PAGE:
Black Eyed Peas join Mexico in protesting Arizona immigration law SB1070 [video]
A handful of protests were staged Thursday in Mexico against Arizona immigration law SB1070, and a Black Eyed Peas member this week joined other musicians such as Shakira and Kanye West in denouncing it.
In Pictures The scene at the US/Mexico border
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The country was joined by Black Eyed Peas star Taboo, who debuted a protest video online this week against the law. "I believe there's been an injustice in the state of Arizona," Taboo, a Mexican-American, says in the video (below). "I oppose Bill 1070."
Protests against the law have crossed international borders – with a rallies also held Thursday in the United States and El Salvador – and spanned artistic genres, with a growing roster of musicians – from American metal band Rage Against the Machine to Mexican rockers Café Tacvba – joining in a ban on playing concerts in Arizona.
In Jalisco state's capital of Guadalajara, dozens of demonstrators filled the main square in solidarity with migrants in Arizona on Thursday. They denounced the law even though its key provisions were blocked by a US judge on Wednesday.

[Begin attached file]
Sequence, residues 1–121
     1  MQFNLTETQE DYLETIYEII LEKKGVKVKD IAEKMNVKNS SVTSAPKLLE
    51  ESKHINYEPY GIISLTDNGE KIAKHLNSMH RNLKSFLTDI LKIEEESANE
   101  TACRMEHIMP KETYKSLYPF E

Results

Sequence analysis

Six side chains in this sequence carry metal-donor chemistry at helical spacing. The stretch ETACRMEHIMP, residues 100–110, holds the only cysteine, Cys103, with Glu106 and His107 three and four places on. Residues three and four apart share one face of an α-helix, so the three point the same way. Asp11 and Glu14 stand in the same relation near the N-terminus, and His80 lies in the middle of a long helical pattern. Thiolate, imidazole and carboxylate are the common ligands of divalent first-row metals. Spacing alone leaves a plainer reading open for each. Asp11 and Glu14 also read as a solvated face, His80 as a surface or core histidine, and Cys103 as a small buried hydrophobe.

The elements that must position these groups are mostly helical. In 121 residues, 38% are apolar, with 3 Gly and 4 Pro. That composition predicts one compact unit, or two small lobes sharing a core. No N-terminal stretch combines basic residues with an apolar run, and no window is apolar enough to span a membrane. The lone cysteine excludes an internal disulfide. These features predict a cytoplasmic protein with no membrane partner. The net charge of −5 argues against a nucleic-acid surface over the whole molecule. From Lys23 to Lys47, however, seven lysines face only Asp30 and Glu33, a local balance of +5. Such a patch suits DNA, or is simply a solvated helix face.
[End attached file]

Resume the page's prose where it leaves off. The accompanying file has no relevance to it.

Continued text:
"We are against the spirit and letter of the Arizona law,” Gilberto Parra, a former congressman, said in a telephone interview from the demonstration. “We are calling on our government to demand that Barack Obama pass a comprehensive reform for all workers in the United States.”
In Mexico City, demonstrators marched outside the US Embassy on Wednesday. When they learned of the US judge’s decision to freeze the most controversial elements of the law, they broke into applause and shouts of “Si Se Pudo” (Yes We Could).
'Step in the right direction'
Wednesday’s 11th-hour injunction blocked the most controversial elements of the law, including requirements that police check the immigration status of suspected illegal immigrants. The injunction also froze sections of the law making it a state crime for undocumented migrants to work or for foreign residents to fail to carry immigration documents. But provisions that prohibit employers from hiring illegal migrants, or from stopping a car to pick up day laborers, remain in the law.